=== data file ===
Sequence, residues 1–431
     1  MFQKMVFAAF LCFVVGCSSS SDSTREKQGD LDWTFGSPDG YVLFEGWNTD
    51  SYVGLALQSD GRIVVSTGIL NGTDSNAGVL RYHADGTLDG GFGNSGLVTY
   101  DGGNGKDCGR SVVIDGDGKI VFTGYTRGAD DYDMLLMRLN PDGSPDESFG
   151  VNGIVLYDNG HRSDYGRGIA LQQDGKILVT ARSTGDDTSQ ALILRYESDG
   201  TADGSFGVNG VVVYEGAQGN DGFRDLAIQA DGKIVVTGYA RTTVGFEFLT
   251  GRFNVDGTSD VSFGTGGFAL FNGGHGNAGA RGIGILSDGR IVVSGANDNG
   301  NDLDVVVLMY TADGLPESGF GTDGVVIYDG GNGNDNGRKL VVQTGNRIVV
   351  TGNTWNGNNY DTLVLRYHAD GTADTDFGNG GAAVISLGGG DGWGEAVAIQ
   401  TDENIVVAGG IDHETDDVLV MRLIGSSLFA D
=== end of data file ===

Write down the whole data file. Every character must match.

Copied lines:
Sequence, residues 1–431
     1  MFQKMVFAAF LCFVVGCSSS SDSTREKQGD LDWTFGSPDG YVLFEGWNTD
    51  SYVGLALQSD GRIVVSTGIL NGTDSNAGVL RYHADGTLDG GFGNSGLVTY
   101  DGGNGKDCGR SVVIDGDGKI VFTGYTRGAD DYDMLLMRLN PDGSPDESFG
   151  VNGIVLYDNG HRSDYGRGIA LQQDGKILVT ARSTGDDTSQ ALILRYESDG
   201  TADGSFGVNG VVVYEGAQGN DGFRDLAIQA DGKIVVTGYA RTTVGFEFLT
   251  GRFNVDGTSD VSFGTGGFAL FNGGHGNAGA RGIGILSDGR IVVSGANDNG
   301  NDLDVVVLMY TADGLPESGF GTDGVVIYDG GNGNDNGRKL VVQTGNRIVV
   351  TGNTWNGNNY DTLVLRYHAD GTADTDFGNG GAAVISLGGG DGWGEAVAIQ
   401  TDENIVVAGG IDHETDDVLV MRLIGSSLFA D